Linear Programming

# Linear Programming - Lecture 2 Introduction to Linear...

This preview shows pages 1–4. Sign up to view the full content.

Lecture 2: Introduction to Linear programming Contents 1 Defnition and geometry A mathematical program is a linear program if it has (i) continuous variables (ii) one linear objective function (iii) all constraints are linear equalities or inequalities A generic linear programming (LP) problem is deFned as follows. maximize c T x , subject to a T i x b i ,i G, a T i x = b i E, a T i x b i L, x j 0 ,j P, x j 0 N. The last two sets of constraints although inequalities are special and are usually treated separately. The vector c is called the objective vector and the numbers b i , i G E L , are called the RHS coeﬃcients. We can, of course, stack up the constraints of each kind and rewrite the above problem in the following form: maximize c T x , subject to A g x b g , A e x = b e , A l x b l , x j 0 P, x j 0 1.1 Why bother with LPs One part of the answer lies in the geometry of the feasible region of an LP. Since equalities simply state that the problem lies in a lower dimensional space, we will consider LPs with only inequality constraints, i.e. E = . Recall that a linear inequality a T x b divides the entire space into two parts, i.e. the set { x : a T x b } is a halfspace . Thus, the feasible region of an (inequality constrained) LP is an intersection of halfspaces. The set obtained by taking the intersection of halfspaces is called a polyhedron . a T 1 x b 1 a T 2 x b 2 a T 3 x b 3 a T 4 x b 4 a T 5 x b 5 P

This preview has intentionally blurred sections. Sign up to view the full version.

View Full Document
Introduction to Linear Programming 2 Polyhedra are often good Frst approximations to more complicated feasible sets. F L In the Fgure above, L is a linear approximation for the nonlinear feasible set F . Therefore, linear programs tend to provide a good approximation to more complicated optimization problems. Second part of the answer to why one should bother with LPs is that LPs can be solved rather eﬃciently. 1.2 Geometrical solution of LPs Continuing further with this geometrical approach, lets try to examine optimal solutions of LPs. Lets start with a one-dimensional LP maximize cx subject to a 1 x a 2 The optimal solution x of this LP is given by (a) c> 0: x = a 2 (b) c =0: any x [ a 1 ,a 2 ] optimal . .. in particular x = a 1 2 (c) c< 0: x = a 1 Moral: The optimal solution is alway at the boundary of the feasible set. Push this geometric approach a little further and consider general (inequality constrained) LPs. maximize c T x , subject to x ∈P (polytope) ±or a given scalar z ,these to fpo in t s x with cost c T x = z is a plane perpendicular to c (a hyperplane ). Thus, an algorithm for solving the LP is to increase z , or equivalently slide the hyperplane in the c direction, until the plane is at the boundary of the feasible region. Lets try our algorithm on the LP maximize c 1 x 1 + c 2 x 2 , such that x 1 + x 2 1 , x R 2 + The feasible region of this LP is given by P = n x : x 1 + x 2 0 ,x 1 0 2 0 o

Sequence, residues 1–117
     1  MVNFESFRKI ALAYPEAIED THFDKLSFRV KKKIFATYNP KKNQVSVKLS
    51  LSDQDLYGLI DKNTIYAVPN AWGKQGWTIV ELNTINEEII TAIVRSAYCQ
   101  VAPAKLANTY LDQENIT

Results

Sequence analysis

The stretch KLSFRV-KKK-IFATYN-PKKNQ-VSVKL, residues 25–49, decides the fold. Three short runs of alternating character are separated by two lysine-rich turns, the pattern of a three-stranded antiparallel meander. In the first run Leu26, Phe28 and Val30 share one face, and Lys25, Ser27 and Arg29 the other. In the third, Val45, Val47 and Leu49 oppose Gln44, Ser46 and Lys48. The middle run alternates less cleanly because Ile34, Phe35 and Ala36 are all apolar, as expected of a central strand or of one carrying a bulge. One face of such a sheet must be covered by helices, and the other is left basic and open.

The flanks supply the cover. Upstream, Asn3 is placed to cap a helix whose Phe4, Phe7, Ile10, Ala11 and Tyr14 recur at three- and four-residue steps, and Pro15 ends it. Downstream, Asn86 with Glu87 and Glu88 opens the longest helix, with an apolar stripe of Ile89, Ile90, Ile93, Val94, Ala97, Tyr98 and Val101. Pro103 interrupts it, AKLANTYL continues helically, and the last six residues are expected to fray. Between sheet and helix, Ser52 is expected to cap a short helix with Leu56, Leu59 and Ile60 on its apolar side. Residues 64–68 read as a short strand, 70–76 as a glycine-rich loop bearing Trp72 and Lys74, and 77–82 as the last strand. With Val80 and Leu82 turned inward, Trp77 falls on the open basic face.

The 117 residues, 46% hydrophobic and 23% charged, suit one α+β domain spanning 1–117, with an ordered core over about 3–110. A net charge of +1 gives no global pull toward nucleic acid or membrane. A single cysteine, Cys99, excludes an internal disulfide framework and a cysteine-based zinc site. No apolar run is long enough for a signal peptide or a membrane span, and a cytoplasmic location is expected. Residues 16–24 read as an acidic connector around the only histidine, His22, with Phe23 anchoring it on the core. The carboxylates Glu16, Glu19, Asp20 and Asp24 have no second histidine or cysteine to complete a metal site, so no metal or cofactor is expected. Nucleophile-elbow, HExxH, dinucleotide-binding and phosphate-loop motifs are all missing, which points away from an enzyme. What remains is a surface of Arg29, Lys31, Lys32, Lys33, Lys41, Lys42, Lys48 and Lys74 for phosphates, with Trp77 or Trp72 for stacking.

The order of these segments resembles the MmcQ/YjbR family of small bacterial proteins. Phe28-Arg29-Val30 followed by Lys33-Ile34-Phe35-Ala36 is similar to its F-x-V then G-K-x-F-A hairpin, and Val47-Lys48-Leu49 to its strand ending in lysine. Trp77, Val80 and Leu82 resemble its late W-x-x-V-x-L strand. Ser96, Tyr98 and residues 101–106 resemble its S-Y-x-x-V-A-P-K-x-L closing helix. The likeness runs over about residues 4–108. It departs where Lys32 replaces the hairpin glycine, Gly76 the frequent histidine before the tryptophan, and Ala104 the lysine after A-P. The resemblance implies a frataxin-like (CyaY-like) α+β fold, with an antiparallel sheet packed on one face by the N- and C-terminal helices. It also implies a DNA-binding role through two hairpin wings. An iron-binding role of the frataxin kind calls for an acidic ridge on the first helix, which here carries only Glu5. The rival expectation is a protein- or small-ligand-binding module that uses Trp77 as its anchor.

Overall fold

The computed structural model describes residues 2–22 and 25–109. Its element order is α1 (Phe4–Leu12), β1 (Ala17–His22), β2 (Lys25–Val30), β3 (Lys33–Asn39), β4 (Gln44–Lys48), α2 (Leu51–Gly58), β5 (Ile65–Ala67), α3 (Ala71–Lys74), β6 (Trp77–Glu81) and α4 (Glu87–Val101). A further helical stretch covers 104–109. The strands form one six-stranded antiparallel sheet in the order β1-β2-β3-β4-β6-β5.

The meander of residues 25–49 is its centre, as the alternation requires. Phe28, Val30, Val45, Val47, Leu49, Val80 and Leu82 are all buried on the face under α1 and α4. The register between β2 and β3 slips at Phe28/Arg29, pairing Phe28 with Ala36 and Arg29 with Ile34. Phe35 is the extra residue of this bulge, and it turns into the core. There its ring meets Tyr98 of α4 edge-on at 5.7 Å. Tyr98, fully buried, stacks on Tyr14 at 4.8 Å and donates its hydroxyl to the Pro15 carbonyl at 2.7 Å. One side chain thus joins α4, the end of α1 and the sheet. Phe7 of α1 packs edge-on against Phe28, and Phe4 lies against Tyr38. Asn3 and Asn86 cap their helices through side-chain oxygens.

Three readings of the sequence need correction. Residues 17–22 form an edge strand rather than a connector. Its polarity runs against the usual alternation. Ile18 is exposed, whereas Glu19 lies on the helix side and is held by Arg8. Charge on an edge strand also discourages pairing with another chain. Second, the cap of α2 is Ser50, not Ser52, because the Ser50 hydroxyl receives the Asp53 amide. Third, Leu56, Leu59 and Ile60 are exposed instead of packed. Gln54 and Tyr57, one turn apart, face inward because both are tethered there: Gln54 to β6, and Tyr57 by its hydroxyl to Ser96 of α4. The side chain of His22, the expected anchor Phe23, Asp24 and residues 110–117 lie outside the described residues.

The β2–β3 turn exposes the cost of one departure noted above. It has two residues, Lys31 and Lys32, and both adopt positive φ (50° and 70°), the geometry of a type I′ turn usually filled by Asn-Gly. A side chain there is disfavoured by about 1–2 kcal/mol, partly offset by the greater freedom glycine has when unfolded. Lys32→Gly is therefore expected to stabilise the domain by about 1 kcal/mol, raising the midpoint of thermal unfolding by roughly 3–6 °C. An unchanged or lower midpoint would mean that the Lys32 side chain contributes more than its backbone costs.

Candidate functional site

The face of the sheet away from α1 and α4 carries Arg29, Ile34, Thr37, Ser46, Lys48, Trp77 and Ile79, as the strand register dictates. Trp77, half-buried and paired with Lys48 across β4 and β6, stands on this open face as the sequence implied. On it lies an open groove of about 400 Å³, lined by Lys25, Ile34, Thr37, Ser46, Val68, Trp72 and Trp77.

Introduction to Linear Programming 3 x 1 x 2 c 1 c 2 c 3 c 4 The results of our algorithm on various c vectors is given by (a) c =(

This preview has intentionally blurred sections. Sign up to view the full version.

View Full Document
This is the end of the preview. Sign up to access the rest of the document.

## This note was uploaded on 06/02/2010 for the course IEOR IEOR E4007 taught by Professor Optimizationmodelsandmethods during the Summer '09 term at Columbia.

### Page1 / 24

Linear Programming - Lecture 2 Introduction to Linear...

This preview shows document pages 1 - 4. Sign up to view the full document.

View Full Document
Ask a homework question - tutors are online